noun, plural dy·na·mos.
Origin of dynamo
Definition for dynamo (2 of 2)
Examples from the Web for dynamo
Dynamo is a platform that gives Turkers a collective voice and, consequently, the chance to drive change.Amazon’s Turkers Kick Off the First Crowdsourced Labor Guild|Kevin Zawacki|December 3, 2014|DAILY BEAST
West is a dynamo, a fearsome warrior who quotes classic Greek with a warm, Southern charm.
The Republican Party was founded on and is built on the dynamo of liberty.
We must not forget that it is a dynamo, but is here used as a motor by sending an electric current through it.
To lose hope is like losing the dynamo, the secret of inspiration, and the once indomitable will droops and faints away.The Whole Armour of God|John Henry Jowett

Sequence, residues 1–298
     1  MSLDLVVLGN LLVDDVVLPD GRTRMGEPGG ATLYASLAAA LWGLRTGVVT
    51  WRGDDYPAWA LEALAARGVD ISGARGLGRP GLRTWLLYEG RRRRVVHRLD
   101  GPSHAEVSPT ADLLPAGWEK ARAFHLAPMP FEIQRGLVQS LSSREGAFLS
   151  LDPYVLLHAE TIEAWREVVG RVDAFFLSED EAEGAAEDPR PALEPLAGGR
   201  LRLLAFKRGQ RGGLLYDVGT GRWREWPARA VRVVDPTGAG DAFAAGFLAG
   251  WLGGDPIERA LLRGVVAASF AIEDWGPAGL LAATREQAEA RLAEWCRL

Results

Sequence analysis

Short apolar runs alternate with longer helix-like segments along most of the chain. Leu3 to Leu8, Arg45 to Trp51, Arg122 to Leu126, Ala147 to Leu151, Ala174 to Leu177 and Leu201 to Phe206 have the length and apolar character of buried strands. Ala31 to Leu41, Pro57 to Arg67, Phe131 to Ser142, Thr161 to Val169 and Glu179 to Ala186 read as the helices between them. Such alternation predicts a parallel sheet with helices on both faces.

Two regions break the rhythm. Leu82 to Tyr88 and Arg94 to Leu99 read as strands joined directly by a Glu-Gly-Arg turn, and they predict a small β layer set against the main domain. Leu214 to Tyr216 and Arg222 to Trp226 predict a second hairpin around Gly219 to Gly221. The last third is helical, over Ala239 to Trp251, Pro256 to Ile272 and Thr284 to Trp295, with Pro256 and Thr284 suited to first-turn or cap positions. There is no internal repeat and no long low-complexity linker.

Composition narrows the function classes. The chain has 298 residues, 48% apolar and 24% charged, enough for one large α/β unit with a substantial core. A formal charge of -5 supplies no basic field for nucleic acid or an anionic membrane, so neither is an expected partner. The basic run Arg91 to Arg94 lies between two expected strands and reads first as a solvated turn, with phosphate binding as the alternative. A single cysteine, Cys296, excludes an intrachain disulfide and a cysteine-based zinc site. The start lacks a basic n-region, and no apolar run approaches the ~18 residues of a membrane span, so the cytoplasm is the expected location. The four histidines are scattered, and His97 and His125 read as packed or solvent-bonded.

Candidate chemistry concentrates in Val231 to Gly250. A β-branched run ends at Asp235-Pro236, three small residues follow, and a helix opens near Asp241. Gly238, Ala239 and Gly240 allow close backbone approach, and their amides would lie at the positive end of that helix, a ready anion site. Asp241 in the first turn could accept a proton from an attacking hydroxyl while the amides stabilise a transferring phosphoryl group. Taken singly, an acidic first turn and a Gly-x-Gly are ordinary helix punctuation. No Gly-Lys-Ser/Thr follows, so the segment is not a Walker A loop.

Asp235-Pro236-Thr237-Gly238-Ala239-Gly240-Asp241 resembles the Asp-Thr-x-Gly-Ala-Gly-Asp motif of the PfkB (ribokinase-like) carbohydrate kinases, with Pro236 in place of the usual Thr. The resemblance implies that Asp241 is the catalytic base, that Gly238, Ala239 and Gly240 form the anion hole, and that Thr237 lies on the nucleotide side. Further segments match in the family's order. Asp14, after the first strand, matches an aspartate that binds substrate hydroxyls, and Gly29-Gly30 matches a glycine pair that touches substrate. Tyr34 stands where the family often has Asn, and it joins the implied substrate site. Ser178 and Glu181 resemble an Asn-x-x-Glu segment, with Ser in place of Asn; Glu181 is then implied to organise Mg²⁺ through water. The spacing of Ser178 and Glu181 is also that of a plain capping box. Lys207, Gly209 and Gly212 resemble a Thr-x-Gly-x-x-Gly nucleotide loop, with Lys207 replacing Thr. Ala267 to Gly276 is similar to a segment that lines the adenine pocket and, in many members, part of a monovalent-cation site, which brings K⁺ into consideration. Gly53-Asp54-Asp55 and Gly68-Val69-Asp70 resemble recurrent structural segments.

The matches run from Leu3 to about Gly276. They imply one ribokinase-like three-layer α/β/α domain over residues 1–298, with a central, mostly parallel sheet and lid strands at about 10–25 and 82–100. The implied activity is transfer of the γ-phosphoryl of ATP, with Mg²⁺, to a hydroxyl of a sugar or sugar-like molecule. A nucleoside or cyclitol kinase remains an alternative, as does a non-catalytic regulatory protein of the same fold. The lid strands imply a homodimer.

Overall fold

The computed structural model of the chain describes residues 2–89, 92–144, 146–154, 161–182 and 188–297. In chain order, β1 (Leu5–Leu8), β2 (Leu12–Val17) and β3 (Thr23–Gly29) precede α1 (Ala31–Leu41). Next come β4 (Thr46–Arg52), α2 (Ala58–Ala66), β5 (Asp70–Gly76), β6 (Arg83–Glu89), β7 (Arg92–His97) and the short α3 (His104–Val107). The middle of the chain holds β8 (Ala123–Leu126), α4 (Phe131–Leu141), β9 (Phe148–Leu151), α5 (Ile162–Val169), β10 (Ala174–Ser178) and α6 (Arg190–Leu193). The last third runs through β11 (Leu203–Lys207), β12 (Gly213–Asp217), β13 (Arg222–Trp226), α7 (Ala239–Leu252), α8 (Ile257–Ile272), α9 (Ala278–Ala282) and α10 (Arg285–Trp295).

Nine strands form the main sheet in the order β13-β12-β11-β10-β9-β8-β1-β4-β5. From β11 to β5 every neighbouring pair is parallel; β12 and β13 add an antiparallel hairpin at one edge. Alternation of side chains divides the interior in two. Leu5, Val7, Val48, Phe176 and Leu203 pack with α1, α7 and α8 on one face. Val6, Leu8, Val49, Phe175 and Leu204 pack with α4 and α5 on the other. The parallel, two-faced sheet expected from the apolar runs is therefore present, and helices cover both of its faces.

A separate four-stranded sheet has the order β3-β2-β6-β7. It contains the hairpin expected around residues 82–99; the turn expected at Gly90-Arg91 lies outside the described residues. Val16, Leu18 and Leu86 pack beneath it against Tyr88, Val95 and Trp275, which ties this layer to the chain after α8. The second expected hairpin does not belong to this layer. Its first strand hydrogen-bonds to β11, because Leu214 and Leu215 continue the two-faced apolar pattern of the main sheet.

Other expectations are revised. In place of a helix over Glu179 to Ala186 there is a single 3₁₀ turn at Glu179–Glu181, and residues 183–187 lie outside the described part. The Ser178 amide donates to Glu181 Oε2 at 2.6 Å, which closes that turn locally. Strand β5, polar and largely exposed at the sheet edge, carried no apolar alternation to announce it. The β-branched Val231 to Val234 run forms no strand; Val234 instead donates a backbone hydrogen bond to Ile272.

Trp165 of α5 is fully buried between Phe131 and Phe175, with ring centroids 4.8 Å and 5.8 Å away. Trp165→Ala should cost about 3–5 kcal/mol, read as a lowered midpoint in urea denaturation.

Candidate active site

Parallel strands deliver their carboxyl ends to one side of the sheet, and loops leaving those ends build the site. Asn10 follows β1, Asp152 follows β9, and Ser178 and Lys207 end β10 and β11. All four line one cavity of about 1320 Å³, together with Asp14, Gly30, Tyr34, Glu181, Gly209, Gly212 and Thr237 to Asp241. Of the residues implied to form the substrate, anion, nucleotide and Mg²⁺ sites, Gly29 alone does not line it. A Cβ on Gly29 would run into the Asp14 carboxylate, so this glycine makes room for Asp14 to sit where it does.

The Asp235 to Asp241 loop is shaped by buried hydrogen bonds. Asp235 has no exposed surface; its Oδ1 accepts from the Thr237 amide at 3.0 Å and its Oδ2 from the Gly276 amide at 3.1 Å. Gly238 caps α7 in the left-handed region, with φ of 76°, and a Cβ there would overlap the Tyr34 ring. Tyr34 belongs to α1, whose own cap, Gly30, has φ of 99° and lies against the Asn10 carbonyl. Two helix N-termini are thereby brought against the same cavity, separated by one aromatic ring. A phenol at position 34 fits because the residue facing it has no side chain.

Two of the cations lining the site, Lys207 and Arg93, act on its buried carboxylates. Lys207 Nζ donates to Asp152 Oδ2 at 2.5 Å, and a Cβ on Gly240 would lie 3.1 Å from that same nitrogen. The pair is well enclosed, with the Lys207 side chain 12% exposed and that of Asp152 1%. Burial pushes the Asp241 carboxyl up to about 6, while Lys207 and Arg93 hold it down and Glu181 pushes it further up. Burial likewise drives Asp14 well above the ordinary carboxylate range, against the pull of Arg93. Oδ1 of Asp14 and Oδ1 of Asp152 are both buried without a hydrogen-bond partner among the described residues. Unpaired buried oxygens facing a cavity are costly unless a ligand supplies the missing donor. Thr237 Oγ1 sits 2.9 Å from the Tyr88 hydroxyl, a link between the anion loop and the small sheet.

The most important device for producing electric currents by electromagnetic induction, however, is the dynamo.Physics|Willis Eugene Tower
Again we are indebted to Faraday, for it was the dynamo that made electric lighting possible.The Story of Great Inventions|Elmer Ellsworth Burns
While the switch is open I turn the crank of the dynamo with perfect ease.
British Dictionary definitions for dynamo (1 of 2)
noun plural -mos
Word Origin for dynamo
British Dictionary definitions for dynamo (2 of 2)
sometimes before a vowel dynam-
Word Origin for dynamo-
Word Origin and History for dynamo
1882, short for dynamo-machine, from German dynamoelektrischemaschine "dynamo-electric machine," coined 1867 by its inventor, German electrical engineer Werner Siemans (1816-1892), from Greek dynamis "power."